A little bit more than four years ago I got to learn about the pervasiveness of alcohol harm in Africa, and I understood the impediment to development it is. Before then, I had only viewed alcohol as a social beverage, a “drink” that made parties more fun and that was a catalyst for having a good time. I had bought into the myths promoted by Big Alcohol.
Myths about the “magic” drink
It is quite astounding to me now to still find people who believe those alcohol industry glamorizations, messages and myths, such as the idea that alcohol makes them better people; that alcohol allows them to enjoy parties; that alcohol facilitates having a great time in their friends’ company; that alcohol gives them courage to approach an intended partner; that alcohol magically endows them with awesome dance moves; that alcohol is a social beverage.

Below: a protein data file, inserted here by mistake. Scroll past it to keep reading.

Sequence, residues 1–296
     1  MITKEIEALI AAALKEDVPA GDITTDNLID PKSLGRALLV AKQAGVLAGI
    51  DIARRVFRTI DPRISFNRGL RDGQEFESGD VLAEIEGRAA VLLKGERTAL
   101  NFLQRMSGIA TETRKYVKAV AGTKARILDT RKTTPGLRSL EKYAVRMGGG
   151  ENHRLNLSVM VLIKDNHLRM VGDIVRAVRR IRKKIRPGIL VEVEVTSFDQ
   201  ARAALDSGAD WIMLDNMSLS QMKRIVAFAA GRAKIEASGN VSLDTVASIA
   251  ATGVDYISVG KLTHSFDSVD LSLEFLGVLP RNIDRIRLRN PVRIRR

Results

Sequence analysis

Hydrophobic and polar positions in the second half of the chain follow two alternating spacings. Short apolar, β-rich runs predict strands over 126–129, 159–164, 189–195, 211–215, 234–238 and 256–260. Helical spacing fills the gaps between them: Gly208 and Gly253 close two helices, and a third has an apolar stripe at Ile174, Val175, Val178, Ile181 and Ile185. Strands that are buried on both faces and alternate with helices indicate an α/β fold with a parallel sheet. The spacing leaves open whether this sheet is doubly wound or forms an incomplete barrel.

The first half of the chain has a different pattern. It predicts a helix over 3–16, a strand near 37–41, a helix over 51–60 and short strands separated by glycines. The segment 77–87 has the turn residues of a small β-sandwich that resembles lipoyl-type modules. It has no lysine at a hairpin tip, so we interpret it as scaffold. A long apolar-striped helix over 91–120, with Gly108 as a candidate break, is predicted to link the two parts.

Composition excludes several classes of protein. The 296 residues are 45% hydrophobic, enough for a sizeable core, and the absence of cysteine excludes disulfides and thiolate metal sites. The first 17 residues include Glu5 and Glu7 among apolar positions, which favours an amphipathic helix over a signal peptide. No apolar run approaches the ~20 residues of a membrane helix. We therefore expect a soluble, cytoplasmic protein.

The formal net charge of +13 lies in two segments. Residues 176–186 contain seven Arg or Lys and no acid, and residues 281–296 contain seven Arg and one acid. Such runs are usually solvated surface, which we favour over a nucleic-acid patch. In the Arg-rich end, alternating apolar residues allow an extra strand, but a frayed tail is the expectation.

The alcohol industry profits from these misconceptions and from an alcohol norm that forces alcohol into every social and cultural event in African societies – where still the majority of people live free from alcohol. When Africans view alcohol as a social and cultural drink, a beverage to be had during social gatherings, after work meetings, weekends, family outings, during family rites of passage – be it a birth, death, circumcision, engagement, wedding, divorce and so on the alcohol industry earns gigantic sums of money.
Changing the norm, remembering the past
I often try to make my fellow Africans understand that cultural alcohol usage was way way less than how people use alcohol these days. Mainly because the process of brewing alcohol took at least for days and at most ten days. It was also used by men and women of a certain age – the grandparents. Those that had become less productive to our societies and were approached by younger generations for their wisdom.
Mind you: They did not consume it the way it is promoted today. They did not engage in alcohol consumption the way that Big Alcohol advertises it across Africa these days – crates of beer, bottles of liquor or wine at a time and every day!! No way.